Donald Trump's extremism as a presidential candidate could hurt his company's bottom line. He is shown playing golf on a billboard at the Trump International Golf Club Dubai in the United Arab Emirates. Karim Sahib/AFP/Getty Images

Donald Trump’s recent call to ban Muslims from entering the United States may play well with his fervent backers in the Republican presidential primary, but it promises to complicate his company’s sprawling, global business operations.

The proposal, which Trump made after the Dec. 2 San Bernardino mass shooting by a Muslim couple, will “definitely have an impact on investors and customers alike,” said Fabian Geyrhalter, founder and head of the brand consulting agency Finien.

Some businesses are already acting. Lifestyle, for exapmple, the prominent Dubai-based home decor chain, has announced plans to remove all Trump products from its shelves at 195 outlets across the Middle East, North Africa, Pakistan and Tanzania.

Meanwhile, one of Trump’s former supporters, Dubai mogul Khalaf al-Habtoor, has bashed the candidate’s remarks as a “huge mistake,” telling the Financial Times that in the region Trump’s “brand is a liability, not an asset.”

Other Middle Eastern business partners have been more discreet: Qatar Airways, which leases office space in Trump Tower in Manhattan, has yet to comment on the policy proposal. Neither have the owners of the Trump Towers Istanbul development or the Trump Hotel and Tower in Baku, Azerbaijan. Luxury developer Damac Properties, which is building the Trump International Golf Club in Dubai, initially said it viewed its business ties as distinct from Trump’s “personal or political agenda.” But then, two days later, it quietly removed billboards bearing the executive's image.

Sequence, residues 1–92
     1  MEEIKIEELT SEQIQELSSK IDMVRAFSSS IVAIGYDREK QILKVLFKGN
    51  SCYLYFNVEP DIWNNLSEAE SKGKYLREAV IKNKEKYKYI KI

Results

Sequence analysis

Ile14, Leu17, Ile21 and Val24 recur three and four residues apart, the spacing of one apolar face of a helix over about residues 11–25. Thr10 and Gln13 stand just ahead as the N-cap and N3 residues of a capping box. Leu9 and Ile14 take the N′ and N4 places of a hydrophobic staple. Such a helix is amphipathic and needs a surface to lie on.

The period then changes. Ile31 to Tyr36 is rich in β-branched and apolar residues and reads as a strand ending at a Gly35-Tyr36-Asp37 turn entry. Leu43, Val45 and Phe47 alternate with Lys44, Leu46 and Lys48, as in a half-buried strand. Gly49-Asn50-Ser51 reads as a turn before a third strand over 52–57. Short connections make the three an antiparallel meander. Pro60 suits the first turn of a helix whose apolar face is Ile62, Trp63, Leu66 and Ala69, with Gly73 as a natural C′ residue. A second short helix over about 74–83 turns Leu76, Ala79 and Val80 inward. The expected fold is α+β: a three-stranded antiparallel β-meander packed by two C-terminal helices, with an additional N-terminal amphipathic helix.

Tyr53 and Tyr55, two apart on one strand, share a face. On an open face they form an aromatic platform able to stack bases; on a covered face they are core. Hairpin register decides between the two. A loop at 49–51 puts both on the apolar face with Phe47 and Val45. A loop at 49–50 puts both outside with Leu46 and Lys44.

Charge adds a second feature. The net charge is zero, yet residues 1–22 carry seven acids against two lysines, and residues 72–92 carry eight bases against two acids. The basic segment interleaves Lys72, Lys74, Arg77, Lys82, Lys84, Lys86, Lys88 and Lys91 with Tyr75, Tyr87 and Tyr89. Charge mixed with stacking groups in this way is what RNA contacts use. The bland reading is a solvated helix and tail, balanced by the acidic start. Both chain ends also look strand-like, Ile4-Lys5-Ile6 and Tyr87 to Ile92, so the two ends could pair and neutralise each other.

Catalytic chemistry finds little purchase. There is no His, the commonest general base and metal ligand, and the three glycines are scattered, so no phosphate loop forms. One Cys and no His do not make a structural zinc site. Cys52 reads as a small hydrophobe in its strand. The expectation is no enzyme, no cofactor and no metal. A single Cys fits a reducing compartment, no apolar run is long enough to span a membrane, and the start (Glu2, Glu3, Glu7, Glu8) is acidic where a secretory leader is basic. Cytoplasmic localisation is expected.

That's because consumers' tastes matter, according to Geyrhalter: “Muslims or anybody who’s not white, really, are probably going to be second-guessing what hotel or golf club they want to go to."

Republican presidential candidate Donald Trump speaks to the crowd at a Pearl Harbor Day rally at the USS Yorktown, Dec. 7, 2015, in Mount Pleasant, South Carolina. Getty Images/Sean Rayford

David Forbes, a marketing expert, agrees consumers will respond negatively, especially in an era when social media quickly amplifies incendiary comments of this sort: “In terms of his Middle East business, or any place where the clients are Muslims, this can’t be good news.”

In May, Trump’s daughter Ivanka told a real estate trade publication that the Trump Hotel Collection was considering new investments in the United Arab Emirates, Qatar and Saudi Arabia.

Fay Beydoun, executive director of the American Arab Chamber of Commerce, said the proposed travel ban is likely to create friction between the Trump Organization and its business partners in the region.

“How’s this going to work? He’s going to be flying to the Middle East but his business partners aren’t going to be allowed to enter the United States?” Beydoun said. “What a double standard.”

Countries outside the Arab world also have large Muslim populations, she said: “I don’t think he really thought this through.”

Frustrations could arise among the Trump workforce, too.

Geyrhalter said the proposed ban will likely create internal friction at Trump-owned brands -- especially in light of the candidate’s remarks this summer about Mexican immigrants. (He attacked them, saying: “They're bringing drugs. They're bringing crime. They're rapists.”) Current employees might feel alienated, or uncomfortable about working for someone with such widely known discriminatory views. Likewise, prospective hires may feel discouraged from applying.

“In the financial and business world, people don’t want to be associated with people seen as being extreme,” Geyrhalter said.